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Subject: Teachers and the UGRR From: "Judy Anne" <anne_jworldnet.att.net> Date: Sat, 

Hope, As a recovering primary teacher (and I mean this literally, I got seriously ill and am lucky to be alive) I know the grueling stress of teaching kids today. Yet teachers are still eager to find new ways to bring kids exciting educational material instead of just teaching inside the box. I personally think it's wonderful that teachers are integrating quilting into the curriculum. It has so many possibilities in terms of math, history and just plain creativity. If I weren't aware of quilt history research I'm sure I would have been one of the first to jump on the bandwagon and do something with the UGRR idea as it is most appealing the way it mixes adventure & quilting with Black History.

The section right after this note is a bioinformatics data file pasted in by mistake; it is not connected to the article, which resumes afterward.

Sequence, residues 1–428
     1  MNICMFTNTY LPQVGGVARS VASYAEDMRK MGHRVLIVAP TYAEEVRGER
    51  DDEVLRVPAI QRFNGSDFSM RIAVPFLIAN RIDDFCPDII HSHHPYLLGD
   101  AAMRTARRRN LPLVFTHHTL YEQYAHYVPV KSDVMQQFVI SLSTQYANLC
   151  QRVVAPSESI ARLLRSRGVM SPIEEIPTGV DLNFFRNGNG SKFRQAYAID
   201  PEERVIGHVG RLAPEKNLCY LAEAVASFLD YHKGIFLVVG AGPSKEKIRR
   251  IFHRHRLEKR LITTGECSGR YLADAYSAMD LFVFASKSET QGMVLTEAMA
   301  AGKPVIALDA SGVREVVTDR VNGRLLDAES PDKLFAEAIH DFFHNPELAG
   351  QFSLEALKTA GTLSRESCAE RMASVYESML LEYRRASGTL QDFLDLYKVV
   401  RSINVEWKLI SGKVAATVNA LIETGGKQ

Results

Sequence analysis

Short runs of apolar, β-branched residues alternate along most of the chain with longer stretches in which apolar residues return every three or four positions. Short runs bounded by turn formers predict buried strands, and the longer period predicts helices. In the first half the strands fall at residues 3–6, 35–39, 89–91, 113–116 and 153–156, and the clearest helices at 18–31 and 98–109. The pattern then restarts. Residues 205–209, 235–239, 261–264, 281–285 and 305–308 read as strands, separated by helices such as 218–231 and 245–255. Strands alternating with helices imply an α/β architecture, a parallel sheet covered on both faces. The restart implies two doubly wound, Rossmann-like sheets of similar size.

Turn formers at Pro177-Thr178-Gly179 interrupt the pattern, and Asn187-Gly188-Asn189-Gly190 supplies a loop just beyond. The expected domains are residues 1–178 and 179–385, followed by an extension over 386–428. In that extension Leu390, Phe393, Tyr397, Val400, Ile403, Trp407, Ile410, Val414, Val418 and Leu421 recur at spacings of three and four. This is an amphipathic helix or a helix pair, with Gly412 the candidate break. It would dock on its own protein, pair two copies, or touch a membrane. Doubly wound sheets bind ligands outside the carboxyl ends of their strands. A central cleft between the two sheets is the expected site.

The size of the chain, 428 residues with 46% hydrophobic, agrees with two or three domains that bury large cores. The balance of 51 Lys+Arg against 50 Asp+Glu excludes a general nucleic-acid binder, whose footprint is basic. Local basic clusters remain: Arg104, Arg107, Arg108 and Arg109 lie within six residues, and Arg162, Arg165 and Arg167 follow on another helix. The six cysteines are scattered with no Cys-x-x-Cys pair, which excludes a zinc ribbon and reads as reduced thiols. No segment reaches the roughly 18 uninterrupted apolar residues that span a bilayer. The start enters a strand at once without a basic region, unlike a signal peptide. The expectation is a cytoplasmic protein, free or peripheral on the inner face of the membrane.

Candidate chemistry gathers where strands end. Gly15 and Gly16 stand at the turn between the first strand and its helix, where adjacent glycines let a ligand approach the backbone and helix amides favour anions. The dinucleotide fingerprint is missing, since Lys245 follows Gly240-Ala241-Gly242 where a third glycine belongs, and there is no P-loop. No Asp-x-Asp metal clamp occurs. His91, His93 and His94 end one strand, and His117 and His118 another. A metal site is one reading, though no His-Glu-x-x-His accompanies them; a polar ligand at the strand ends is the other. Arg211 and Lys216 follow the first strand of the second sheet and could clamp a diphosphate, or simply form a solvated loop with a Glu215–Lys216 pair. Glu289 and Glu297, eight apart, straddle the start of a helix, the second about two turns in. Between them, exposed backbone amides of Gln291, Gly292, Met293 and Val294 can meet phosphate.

Like you, I'm certain that teachers aren't teaching the UGRR blocks myth as truth because they lack skills or are just too lazy. The problem is they have no idea that it is a myth, and how could they when even major government sites publish it as truth. As those of us here who are or have been teachers know there is no way each single teacher can thoroughly research something like this on her own. They are lucky to get any time for their own families and to sleep at night. That is why we need to get the word out there to everyone including teachers, newspapers and websites. Not an easy task but at least some UGRR articles by members of this list seem to be showing up pretty high on Google searches, so hopefully more and more teachers will find this information. Since my site is an introductory type site on quilt history a lot of teachers use it and have parents and kids use it for homework. The information from people on this list has been a great help to me in getting out accurate historical information. I think we are on the right track doing what we can to get the facts out there. We just have to keep working at it.